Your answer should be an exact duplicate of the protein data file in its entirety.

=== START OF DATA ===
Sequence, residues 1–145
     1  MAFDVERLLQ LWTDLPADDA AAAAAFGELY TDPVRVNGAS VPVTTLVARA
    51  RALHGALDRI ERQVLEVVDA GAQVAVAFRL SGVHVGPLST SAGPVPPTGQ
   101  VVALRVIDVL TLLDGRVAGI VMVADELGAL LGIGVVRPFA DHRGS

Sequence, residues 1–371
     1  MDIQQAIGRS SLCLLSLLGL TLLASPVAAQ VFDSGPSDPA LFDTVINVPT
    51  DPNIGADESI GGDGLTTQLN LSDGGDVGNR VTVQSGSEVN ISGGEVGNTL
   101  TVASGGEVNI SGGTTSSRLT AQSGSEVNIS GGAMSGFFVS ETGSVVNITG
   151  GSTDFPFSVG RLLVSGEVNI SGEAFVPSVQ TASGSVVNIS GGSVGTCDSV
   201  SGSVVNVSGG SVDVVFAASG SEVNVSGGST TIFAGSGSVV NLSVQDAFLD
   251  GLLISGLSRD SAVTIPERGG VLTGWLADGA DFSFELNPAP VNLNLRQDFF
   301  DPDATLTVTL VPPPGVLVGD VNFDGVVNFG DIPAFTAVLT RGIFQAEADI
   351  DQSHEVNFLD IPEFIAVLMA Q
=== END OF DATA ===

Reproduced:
Sequence, residues 1–145
     1  MAFDVERLLQ LWTDLPADDA AAAAAFGELY TDPVRVNGAS VPVTTLVARA
    51  RALHGALDRI ERQVLEVVDA GAQVAVAFRL SGVHVGPLST SAGPVPPTGQ
   101  VVALRVIDVL TLLDGRVAGI VMVADELGAL LGIGVVRPFA DHRGS

Sequence, residues 1–371
     1  MDIQQAIGRS SLCLLSLLGL TLLASPVAAQ VFDSGPSDPA LFDTVINVPT
    51  DPNIGADESI GGDGLTTQLN LSDGGDVGNR VTVQSGSEVN ISGGEVGNTL
   101  TVASGGEVNI SGGTTSSRLT AQSGSEVNIS GGAMSGFFVS ETGSVVNITG
   151  GSTDFPFSVG RLLVSGEVNI SGEAFVPSVQ TASGSVVNIS GGSVGTCDSV
   201  SGSVVNVSGG SVDVVFAASG SEVNVSGGST TIFAGSGSVV NLSVQDAFLD
   251  GLLISGLSRD SAVTIPERGG VLTGWLADGA DFSFELNPAP VNLNLRQDFF
   301  DPDATLTVTL VPPPGVLVGD VNFDGVVNFG DIPAFTAVLT RGIFQAEADI
   351  DQSHEVNFLD IPEFIAVLMA Q